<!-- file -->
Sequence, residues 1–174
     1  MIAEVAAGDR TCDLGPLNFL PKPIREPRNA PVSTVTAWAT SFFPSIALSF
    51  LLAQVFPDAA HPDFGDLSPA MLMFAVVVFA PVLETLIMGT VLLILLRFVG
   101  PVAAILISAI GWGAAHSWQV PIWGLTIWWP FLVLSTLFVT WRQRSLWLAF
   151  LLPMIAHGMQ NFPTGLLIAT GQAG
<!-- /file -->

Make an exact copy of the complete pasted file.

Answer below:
Sequence, residues 1–174
     1  MIAEVAAGDR TCDLGPLNFL PKPIREPRNA PVSTVTAWAT SFFPSIALSF
    51  LLAQVFPDAA HPDFGDLSPA MLMFAVVVFA PVLETLIMGT VLLILLRFVG
   101  PVAAILISAI GWGAAHSWQV PIWGLTIWWP FLVLSTLFVT WRQRSLWLAF
   151  LLPMIAHGMQ NFPTGLLIAT GQAG